While stuck in Mexico City traffic yesterday, and by this I mean something akin to Dante's seventh circle, I started some idol conversation with the taxi driver. Due to a limited Spanish vocabulary, I stuck to what I knew and asked him about this soccer preferences. Turns out he was a Chivas fan. I assumed he was originally from Guadalajara, but it turns out he was born and raised here in Mexico City. He explained that he was a fan of Chivas because they were a "real" Mexican club. In essence, all of the Chivas players were Mexican.
So, I did a little research. Here are the Primera Division squads and their percentage of foreign-born players.
My taxi driver was pretty accurate. The one foreign-born player on Chivas is Miguel Ponce, and although he was born in California, his parents are Mexican. I can understand the sentiment of the driver, as I'm sure many Brits can. What I am wondering is whether Chivas and Pumas have so few foreign players on their squads because they have a pipeline to young Mexican talent, or because they, like my taxi driver, place a high value on having a truly Mexican lineup. I would assume the former. Winning generally brings more fans than roster choices.
It is also understandable why Club America has a wealth of foreign talent. They simply have the money to spend, and the best way to use those resources is to load up on overpriced gambles from abroad. However, it is a little surprising to see teams with a lower budget such as Estudiantes, Pachuca, and the newly ascendant Tijuana so high on this list. Couldn't they save a few pesos by finding local players?
I wondered something similar this past Saturday while attending Cruz Azul v Atlante. Some of Cruz Azul's foreign talent, namely Emanuel Villa, seem to be finding their peak. Villa's found the back of the net in both home games thus far and assisted in another. However, I am unable to say the same thing about all of Cruz Azul's non-Mexican players.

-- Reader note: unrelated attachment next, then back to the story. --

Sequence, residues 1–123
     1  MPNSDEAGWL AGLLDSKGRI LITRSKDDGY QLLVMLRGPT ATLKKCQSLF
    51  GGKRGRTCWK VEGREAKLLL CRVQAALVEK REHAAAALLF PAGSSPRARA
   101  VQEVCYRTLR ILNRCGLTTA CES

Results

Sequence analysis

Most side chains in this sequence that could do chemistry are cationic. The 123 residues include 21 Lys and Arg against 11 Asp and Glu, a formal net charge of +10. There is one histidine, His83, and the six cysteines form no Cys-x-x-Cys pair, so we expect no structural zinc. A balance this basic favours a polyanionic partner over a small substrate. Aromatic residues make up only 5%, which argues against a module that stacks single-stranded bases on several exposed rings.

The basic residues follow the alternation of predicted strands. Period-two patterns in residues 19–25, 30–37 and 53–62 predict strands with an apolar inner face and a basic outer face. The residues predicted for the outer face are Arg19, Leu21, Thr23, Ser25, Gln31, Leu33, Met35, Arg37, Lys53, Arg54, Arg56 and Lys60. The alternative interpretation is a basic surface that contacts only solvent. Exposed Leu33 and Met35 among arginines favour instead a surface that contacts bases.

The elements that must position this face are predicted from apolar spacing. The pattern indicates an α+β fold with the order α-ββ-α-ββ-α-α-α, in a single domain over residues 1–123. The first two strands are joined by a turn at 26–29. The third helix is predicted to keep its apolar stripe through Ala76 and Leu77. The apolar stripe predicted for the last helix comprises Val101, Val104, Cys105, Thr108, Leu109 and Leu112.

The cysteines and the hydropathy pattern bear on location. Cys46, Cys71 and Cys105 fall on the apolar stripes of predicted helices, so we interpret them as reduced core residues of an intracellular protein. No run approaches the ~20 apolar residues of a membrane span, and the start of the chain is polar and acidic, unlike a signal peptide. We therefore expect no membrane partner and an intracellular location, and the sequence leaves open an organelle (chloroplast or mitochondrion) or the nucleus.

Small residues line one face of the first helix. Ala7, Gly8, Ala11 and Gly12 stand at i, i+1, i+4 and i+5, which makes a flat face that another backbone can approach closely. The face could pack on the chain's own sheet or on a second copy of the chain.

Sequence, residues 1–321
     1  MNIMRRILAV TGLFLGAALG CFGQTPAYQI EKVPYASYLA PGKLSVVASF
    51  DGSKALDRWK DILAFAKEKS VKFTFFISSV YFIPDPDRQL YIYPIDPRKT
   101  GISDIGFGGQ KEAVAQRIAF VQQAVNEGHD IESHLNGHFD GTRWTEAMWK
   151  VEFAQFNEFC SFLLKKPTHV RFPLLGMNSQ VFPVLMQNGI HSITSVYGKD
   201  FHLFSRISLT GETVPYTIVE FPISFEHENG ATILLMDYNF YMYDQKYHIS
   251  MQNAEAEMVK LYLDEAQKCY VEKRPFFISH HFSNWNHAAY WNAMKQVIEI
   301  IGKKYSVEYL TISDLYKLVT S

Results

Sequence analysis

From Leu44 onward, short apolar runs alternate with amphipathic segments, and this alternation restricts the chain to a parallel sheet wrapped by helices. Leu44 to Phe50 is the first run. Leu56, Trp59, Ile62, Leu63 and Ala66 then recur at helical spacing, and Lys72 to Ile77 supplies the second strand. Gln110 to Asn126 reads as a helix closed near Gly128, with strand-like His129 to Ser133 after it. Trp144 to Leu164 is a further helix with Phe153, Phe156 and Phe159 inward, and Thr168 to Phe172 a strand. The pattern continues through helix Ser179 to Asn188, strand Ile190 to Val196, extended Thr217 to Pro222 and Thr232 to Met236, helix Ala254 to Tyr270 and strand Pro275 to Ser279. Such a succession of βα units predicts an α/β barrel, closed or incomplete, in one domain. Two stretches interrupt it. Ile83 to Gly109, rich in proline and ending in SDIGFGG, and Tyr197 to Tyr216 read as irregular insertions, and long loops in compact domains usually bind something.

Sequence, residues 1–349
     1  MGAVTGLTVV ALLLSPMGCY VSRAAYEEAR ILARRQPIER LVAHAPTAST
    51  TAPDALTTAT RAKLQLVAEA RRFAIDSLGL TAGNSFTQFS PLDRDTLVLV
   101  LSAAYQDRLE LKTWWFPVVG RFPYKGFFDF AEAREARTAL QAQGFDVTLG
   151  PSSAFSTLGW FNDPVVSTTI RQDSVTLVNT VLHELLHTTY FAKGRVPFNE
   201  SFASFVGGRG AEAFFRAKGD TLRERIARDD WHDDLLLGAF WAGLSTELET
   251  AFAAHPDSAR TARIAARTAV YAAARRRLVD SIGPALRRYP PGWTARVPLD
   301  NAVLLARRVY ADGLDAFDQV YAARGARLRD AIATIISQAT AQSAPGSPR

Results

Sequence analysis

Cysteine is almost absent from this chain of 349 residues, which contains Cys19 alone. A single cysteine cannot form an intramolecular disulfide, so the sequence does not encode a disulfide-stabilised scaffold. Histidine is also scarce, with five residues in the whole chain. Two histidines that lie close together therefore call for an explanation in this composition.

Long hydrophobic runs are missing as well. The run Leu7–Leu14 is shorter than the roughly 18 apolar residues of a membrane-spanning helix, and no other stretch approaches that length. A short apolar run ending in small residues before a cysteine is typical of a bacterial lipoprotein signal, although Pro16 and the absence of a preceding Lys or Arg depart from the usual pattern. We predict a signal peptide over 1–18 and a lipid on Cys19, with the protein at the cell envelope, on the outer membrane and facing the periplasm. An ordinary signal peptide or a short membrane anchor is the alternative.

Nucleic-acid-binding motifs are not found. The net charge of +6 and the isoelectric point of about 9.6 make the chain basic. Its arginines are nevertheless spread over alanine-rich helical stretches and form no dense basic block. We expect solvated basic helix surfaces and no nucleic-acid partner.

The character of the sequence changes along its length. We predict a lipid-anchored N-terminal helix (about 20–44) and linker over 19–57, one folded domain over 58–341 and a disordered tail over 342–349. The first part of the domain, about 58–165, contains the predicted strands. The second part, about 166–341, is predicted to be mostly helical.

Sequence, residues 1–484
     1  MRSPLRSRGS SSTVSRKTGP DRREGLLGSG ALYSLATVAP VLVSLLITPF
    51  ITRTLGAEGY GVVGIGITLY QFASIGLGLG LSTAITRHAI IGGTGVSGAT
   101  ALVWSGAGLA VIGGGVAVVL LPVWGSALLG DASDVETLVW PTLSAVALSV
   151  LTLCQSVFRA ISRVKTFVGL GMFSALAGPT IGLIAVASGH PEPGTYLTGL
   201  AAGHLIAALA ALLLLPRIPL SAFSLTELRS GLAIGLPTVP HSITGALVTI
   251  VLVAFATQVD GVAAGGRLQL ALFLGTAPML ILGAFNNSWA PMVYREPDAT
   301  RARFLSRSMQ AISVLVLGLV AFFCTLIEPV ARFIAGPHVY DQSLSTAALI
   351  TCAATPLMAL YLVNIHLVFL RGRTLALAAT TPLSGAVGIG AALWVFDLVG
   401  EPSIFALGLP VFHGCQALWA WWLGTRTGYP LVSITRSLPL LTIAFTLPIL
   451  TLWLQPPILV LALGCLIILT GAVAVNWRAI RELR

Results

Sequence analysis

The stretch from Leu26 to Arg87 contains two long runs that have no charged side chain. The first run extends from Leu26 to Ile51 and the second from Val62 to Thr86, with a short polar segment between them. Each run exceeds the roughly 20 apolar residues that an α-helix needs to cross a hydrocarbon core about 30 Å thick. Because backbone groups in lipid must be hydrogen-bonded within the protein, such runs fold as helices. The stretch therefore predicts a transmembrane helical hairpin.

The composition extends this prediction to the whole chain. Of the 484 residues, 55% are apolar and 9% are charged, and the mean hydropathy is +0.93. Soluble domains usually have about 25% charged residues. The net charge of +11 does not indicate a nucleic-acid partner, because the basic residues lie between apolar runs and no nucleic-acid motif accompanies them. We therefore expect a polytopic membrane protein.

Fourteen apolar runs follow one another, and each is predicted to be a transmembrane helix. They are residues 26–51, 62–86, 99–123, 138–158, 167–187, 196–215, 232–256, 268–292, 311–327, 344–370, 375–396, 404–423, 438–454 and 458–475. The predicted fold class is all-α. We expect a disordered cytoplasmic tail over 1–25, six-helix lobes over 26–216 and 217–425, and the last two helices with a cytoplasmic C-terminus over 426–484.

Waldo Ponce is, for me, a much-maligned Chilean defender for Cruz Azul. He seems to be the guy who makes you wonder if he is the coach's son. No offense to the guy (actually, offending him at this point is probably unavoidable), but he has little to no discernable skills. I can't say I know every defender on the Cruz Azul bench, but I can safely assume that one of them can better mark a man than Waldo Ponce.
I recently read about a phenomenon called malinchismo. Malinchismo is defined as a preponderance for favoritism of outsiders and other's cultures of one's own. The term comes from Malinche, the slave who became Cortes's translator with benefits. I'm not sure how prevalent this really is, but it is a term unique to Mexico. And charged as it may be, it had to be created for some reason.
Can malinchismo be the reason for such a prevalence of foreign players in a country with such a high soccer playing population? Are managers going after foreign players on the belief that they are superior because they aren't from Mexico? It's possible, but unlikely to be the sole impetus. Mexico's Primera Division pays more than any other league in the Americas. They will draw the talent from South America that couldn't quite make it in Europe or weren't ready for that level of play. And with twenty three percent of the players being born outside of Mexico, the Primera Division ranks lower than England, Germany, the Netherlands, Spain, France, and Italy for percentage of foreign footballers.
Ponce's presence is still not explained.
Waldo is a representative for his Chilean national side. He featured in this latest World Cup in South Africa that would eventually be knocked out by juggernaut, Brazil. In Soccernomics, authors Kuper and Syzmanski illustrate how so many clubs often overrate the performances of players in major tournaments such as the World Cup. A small game sample often leads managers to unload huge unwarranted contracts to players who had a good game. Could Waldo's appearance on the international stage (and what I would assume would be a fairly low asking price) be the reason for his wearing the Cruz Azul jersey?
Or maybe I am asking the wrong questions altogether. Could the men in charge at Cruz Azul just be suckers for shaggy haired defenders? (It wouldn't be the first time that a footballer made career advancements on hair alone.)